Glen Allen, VA (PRWEB) December 15, 2005
The market for inks, substrates and other materials used in printable electronics is expected to reach $1.9 billion by 2010 rising to $8.9 billion in 2013, according to a new report from NanoMarkets, LC, a market research firm based here. Information about the report including its first chapter, which is available for download, can be found at http://www.nanomarkets.net.
Why the Fuss About Materials?
NanoMarkets’ report notes that the next few years represent a key period for the Printable Electronics (PE) business as a whole. Crucial development work has to take place at the materials level in order for future revenue opportunities to be realized for all segments of the value chain. Materials and production issues in many ways are the limiting factor for what PE will ultimately enable, namely, electronics anywhere they are needed. PE will generate numerous opportunities for materials and specialty chemicals firms and will also help bring new business revenues to the printing industry. And, while the industry remains focused on applications such as displays and RFID, PE also provides the means for innovative companies to create the next break-out application that generates tens of millions of dollars in revenue in the blink of an eye.
- Applications make the materials. Some of the highest potential applications for printable electronics have very demanding requirements for materials. For example, flexible displays obviously require flexible substrates, but they also need inks that do not easily crack when dry. Printed RFIDs will be created on high-speed printing machinery that places strict requirements on ink viscosity. NanoMarkets believes that such needs will help drive both the demand and R&D dollars in the novel inks sector.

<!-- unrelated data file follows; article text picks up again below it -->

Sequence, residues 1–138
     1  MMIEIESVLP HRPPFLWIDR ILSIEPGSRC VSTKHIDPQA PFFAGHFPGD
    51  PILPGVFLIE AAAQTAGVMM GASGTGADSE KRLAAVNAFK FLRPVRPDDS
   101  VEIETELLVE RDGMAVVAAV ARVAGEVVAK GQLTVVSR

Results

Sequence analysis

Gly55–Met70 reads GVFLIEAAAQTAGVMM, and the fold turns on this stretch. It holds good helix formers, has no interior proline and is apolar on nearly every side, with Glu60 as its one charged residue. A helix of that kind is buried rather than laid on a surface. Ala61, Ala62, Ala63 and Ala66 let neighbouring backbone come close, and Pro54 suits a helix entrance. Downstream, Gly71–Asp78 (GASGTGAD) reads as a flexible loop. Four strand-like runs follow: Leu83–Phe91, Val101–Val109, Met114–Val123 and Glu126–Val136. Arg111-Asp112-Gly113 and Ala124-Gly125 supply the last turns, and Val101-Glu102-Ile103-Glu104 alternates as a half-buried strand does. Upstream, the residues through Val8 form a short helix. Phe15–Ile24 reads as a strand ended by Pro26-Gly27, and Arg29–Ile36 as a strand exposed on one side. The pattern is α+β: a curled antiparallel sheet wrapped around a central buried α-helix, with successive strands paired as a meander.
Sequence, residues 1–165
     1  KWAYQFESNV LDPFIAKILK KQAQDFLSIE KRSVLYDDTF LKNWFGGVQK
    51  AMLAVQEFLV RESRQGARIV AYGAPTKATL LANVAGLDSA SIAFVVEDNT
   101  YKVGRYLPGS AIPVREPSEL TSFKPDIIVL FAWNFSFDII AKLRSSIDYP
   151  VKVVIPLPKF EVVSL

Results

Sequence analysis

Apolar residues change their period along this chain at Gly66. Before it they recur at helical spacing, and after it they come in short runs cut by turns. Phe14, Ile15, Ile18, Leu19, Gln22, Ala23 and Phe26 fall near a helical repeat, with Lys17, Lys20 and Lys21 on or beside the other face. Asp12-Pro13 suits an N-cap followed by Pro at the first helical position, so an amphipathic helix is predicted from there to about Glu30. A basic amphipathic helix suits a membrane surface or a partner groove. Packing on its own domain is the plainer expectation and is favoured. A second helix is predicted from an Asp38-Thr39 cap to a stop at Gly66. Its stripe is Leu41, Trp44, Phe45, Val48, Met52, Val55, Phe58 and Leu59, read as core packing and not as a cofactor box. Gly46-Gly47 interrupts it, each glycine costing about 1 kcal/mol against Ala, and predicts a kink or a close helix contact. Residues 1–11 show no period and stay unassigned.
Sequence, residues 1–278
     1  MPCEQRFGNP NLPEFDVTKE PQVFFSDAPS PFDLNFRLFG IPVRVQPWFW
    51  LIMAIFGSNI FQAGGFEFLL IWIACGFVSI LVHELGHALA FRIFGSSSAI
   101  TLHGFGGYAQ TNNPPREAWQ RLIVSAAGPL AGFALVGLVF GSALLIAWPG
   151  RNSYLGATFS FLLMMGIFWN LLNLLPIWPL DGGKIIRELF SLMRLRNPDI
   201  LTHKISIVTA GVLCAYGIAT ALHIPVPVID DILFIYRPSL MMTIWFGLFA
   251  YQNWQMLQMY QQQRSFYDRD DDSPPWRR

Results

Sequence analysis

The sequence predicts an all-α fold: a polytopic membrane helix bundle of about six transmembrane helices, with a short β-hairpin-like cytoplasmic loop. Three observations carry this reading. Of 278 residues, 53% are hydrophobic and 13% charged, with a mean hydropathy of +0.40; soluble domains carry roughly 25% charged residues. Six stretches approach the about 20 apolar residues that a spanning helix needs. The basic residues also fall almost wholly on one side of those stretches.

- New directions for inks. Printable electronics inks already exhibit good stability and performance. Nanoparticle inks have shown good conductivity and curing properties in actual products. However, NanoMarkets expects that the rapidly growing PE business will lead to an arrival on the market of new inks with even better performance and suitability to specific applications. These will include inks based on oligomers, small molecules, and a variety of traditional metals and semiconductors. By 2010, the ink segment of the PE materials market alone will be worth over $700 million.
- Plastic substrates to dominate. NanoMarkets’ report states that the lion’s share of the opportunities for printable electronics substrates will be found in plastic substrates, revenues from which are expected to reach $735 million by 2010. This is an area where NanoMarkets sees business flowing to those who can show the best performance in a number of areas, especially flexibility, smoothness and antistatic properties.
- Electronics on paper. Over the next eight-years, NanoMarkets expects paper and card to become an increasingly important substrate for printable electronics. This will be required as printable electronics quickly finds its way into smart packaging, greeting cards and other novelties. Printable electronics on a paper substrate may even be the ultimate in electronic paper. To make this happen, however, paper manufacturers will have to come up with special coated papers suitable for taking electronic inks.